Views: 107 Author: KABEL Publish Time: 2019-01-11 Origin: Site
Using an office chair that won’t stay up can be frustrating and can potentially hinder productivity in the workplace. Such chairs might stay up when not in use but sinks once you sit on them for work. In most cases, people think of acquiring replacements when they experience this issue with their office chairs.
However, it is good to mention that you can actually try one or two ways to ensure that you chair stays up. Here we look at the best techniques on how to fix an office chair that won’t stay up, but before that, you need to understand how an office chair works.
Office chairs make use of a pneumatic gas lift cylinder, which controls their height through pressurized air. In other words, they come with a pneumatic support system which functions as a suspension and enables adjustable height. An internal control valve is activated when you operate the height control, causing the chair to sink or rise to support your body weight.
However, the cylinder on many chairs fails with time as a result of damaged seal that is unable to retain pressure. The best solution would be to replace the pneumatic cylinder when this happens, but the cost of replacing one might make buying a new chair a better option. Let’s show you couple of methods that you could attempt to deal with an office chair that won’t stay up.
This method involves the use of a hose clamp or a jubilee clip, which is a device that is mainly used for retaining hosepipes on taps. The hose clamp is readily available in most hardware stores.
In this case, you need a hose clamp with around 2 cm (three-quarters of an inch) length or one that is long enough to wrap around the cylinder. You also need a screwdriver and a duct tape. Here is how you use this technique to handle the issue with your sinking chair:
Slide the plastic skirt that encases the cylinder up or down. Then adjust the chair to your preferred height. Usually, the best position to set your chair is where the seat is level with your knees when standing. Setting the chair to your preferred height is done first since you will not be able to set the height of the chair once the whole process is complete unless you undo what you will have done.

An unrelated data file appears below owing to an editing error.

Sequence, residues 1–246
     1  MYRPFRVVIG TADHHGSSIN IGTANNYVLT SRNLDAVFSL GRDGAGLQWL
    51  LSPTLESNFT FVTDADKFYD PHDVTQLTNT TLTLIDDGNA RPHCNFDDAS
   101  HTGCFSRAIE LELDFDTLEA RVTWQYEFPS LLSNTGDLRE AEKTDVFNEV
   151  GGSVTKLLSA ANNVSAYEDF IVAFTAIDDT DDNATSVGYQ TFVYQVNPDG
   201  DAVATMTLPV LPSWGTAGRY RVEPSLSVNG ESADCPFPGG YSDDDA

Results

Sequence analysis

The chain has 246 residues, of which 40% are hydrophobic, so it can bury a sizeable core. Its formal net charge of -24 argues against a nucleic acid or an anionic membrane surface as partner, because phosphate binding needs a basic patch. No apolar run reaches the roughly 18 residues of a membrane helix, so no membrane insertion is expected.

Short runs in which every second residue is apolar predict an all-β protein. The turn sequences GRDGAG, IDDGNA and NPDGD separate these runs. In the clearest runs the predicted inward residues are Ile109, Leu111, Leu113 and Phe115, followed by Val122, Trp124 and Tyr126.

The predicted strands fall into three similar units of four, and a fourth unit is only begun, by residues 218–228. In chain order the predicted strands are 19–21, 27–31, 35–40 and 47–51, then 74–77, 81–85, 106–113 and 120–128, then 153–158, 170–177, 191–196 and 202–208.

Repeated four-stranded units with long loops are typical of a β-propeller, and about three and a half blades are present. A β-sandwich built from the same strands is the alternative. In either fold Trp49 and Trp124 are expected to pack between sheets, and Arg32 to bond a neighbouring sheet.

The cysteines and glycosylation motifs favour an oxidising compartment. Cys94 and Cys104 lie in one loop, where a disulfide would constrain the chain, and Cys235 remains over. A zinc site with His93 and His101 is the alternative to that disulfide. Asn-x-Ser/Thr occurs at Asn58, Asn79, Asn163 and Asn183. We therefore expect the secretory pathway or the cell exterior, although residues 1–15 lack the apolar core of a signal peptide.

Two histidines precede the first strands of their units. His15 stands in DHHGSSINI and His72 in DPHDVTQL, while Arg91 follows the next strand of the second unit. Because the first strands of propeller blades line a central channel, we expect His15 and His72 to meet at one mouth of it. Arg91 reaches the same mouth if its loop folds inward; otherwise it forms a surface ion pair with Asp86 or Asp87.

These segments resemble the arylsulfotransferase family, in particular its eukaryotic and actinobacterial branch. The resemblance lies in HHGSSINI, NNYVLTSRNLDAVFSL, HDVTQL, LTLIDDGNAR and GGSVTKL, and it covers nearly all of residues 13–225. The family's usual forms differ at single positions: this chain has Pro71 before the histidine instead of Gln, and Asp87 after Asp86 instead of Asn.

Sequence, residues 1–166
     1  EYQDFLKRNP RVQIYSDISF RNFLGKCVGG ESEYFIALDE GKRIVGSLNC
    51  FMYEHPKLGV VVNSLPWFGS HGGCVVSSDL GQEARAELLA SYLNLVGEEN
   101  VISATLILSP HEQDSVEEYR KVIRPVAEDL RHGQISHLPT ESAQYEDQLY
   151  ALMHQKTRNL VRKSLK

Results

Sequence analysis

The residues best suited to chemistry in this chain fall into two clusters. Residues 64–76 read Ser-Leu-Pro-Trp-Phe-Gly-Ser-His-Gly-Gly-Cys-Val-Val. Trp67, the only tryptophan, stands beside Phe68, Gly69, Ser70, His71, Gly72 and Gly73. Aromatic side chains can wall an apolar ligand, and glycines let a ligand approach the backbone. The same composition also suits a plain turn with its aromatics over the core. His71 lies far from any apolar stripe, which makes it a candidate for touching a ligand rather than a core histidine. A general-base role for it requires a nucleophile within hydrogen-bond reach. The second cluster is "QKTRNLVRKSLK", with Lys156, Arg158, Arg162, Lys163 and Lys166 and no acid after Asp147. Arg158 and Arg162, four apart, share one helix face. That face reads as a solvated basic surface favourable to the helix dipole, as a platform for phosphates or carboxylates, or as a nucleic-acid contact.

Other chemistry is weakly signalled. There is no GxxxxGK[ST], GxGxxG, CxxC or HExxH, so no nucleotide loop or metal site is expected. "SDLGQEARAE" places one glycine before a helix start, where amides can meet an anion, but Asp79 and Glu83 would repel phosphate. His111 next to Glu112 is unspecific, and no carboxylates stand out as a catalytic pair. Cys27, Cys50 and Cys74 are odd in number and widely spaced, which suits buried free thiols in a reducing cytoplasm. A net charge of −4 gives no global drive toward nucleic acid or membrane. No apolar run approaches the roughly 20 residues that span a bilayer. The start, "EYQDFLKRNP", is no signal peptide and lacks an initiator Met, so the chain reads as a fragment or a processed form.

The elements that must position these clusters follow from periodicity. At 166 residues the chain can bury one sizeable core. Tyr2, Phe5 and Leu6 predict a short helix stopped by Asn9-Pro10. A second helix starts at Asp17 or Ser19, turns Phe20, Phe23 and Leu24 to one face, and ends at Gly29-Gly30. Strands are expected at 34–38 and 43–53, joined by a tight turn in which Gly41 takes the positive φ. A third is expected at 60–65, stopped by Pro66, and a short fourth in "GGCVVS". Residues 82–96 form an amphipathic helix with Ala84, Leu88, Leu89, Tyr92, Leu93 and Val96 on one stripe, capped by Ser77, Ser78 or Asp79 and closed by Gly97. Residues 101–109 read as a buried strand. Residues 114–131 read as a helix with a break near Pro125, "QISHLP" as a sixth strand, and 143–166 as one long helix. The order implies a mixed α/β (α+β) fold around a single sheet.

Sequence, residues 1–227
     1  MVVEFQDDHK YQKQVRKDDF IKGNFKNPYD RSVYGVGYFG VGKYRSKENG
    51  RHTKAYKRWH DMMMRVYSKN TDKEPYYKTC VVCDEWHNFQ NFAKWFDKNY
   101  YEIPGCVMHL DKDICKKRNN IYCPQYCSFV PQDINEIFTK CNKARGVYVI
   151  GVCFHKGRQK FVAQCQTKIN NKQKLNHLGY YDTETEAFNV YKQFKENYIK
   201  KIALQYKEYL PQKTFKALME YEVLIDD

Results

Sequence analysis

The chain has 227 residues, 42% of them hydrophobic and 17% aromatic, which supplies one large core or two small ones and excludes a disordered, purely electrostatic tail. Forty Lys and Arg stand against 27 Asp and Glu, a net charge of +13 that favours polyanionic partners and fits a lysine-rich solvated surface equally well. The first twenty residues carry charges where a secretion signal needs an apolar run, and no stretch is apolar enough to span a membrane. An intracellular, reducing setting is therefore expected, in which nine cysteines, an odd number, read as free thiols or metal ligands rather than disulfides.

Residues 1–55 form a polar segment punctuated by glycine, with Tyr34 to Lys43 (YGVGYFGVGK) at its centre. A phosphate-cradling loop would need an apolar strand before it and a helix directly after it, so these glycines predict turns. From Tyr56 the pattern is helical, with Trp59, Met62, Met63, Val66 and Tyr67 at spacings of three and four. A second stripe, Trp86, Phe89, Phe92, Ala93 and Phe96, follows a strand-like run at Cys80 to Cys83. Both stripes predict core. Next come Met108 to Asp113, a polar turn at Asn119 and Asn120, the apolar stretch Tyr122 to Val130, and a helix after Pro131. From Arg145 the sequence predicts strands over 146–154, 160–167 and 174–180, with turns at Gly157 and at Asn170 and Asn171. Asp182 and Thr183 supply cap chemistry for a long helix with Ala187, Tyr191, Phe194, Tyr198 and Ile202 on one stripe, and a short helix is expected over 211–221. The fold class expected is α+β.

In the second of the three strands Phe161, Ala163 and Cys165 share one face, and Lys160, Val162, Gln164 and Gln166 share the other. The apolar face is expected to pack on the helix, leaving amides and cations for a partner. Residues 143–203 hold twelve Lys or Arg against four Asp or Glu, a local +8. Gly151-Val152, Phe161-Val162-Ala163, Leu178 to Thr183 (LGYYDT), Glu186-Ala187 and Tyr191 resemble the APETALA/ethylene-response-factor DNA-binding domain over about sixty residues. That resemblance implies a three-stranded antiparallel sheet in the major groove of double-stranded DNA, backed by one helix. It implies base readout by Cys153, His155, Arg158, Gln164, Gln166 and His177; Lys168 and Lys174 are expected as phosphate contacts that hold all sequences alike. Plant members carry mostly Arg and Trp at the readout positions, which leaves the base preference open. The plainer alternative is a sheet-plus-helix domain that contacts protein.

Next, loosen the screw to undo the hose clamp or jubilee clip. In this case, you need to turn the screw anticlockwise and then pull the belt out of the clip.
Wrap duct tape around the topmost visible part of the metal cylinder before you fit the clamp into place to ensure that it has a great surface to grip onto firmly.
Next, wrap the hose clamp or jubilee to the top of the cylinder, but first, ensure that the chair is at the right height. After double-checking to ensure that the chair is at your preferred height, tighten the hose clamp by fastening the rotating screw.
Finally, test whether the chair has stopped sinking by sitting on it. If you realize that the height is not satisfactory, you should undo the fastening of the screw and readjust the hose clamp or jubilee clip. Besides, if the clamp or clip slides off, you can fasten it over a piece or strip of rubber to enhance the grip or consider trying the next technique, which is known as the PVC pipe method.
You will need a tape measure, PVC pipe (of similar size as your chair’s cylinder, vice, and saw or PVC-cutting tool for this method. Follow these steps:
Pull down your chair’s plastic cover and use a tape measure to get the diameter of the extendable metal cylinder on your chair. Measure the length of the cylinder at an ideal height as well.
Get a PVC pipe that is big enough to fit over the cylinder – it should be slightly bigger than the latter. This should be long enough to extend from seat level to your chair’s wheel base at the preferred height.
Hold the PVC pipe with a vice and use a saw or cutting tool to cut it lengthwise on one side only. Then pull the plastic skirt on your chair down or up to reveal the cylinder and push the slit side of the pipe around it to snap on. This should prevent your chair from sinking.
You can snap on more pieces of PVC pipe if desired height hasn’t been attained. Working with smaller pieces may be easier. If you lack a vice or a saw, you can remove the wheels of your office chair and slide the PVC pipe on.